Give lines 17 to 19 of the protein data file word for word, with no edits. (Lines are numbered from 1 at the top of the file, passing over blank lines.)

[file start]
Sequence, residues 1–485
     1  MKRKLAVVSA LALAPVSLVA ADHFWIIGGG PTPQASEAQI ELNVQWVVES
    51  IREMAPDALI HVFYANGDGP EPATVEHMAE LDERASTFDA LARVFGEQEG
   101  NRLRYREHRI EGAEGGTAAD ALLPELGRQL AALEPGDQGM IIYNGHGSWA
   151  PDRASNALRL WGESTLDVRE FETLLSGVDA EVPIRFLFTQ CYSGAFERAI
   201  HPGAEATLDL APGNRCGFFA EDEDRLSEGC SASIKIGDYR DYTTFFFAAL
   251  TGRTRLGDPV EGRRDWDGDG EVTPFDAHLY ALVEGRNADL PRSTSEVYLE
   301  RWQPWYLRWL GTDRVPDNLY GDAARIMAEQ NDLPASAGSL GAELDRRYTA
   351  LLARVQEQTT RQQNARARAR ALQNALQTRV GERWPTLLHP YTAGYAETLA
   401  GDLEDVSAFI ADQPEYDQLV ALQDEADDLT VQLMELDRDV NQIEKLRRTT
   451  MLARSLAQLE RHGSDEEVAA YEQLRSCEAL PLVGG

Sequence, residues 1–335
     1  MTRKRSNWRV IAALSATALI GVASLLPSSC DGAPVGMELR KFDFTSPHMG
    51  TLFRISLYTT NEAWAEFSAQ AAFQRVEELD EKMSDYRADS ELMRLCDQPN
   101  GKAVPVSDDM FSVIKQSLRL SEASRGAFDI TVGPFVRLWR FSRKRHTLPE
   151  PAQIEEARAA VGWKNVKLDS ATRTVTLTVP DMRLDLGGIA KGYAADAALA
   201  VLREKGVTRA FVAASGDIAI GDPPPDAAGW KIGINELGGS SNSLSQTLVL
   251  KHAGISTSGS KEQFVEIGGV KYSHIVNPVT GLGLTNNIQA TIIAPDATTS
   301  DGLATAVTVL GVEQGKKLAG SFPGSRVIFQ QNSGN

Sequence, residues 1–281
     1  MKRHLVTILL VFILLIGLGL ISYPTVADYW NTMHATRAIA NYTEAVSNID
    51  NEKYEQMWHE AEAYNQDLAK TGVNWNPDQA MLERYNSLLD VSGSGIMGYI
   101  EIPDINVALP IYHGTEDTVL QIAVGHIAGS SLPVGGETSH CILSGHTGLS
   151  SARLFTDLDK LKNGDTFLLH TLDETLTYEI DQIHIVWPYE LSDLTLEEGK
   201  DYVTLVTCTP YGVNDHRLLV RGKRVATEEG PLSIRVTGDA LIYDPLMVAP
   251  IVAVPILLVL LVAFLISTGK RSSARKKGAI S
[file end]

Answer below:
   201  VLREKGVTRA FVAASGDIAI GDPPPDAAGW KIGINELGGS SNSLSQTLVL
   251  KHAGISTSGS KEQFVEIGGV KYSHIVNPVT GLGLTNNIQA TIIAPDATTS
   301  DGLATAVTVL GVEQGKKLAG SFPGSRVIFQ QNSGN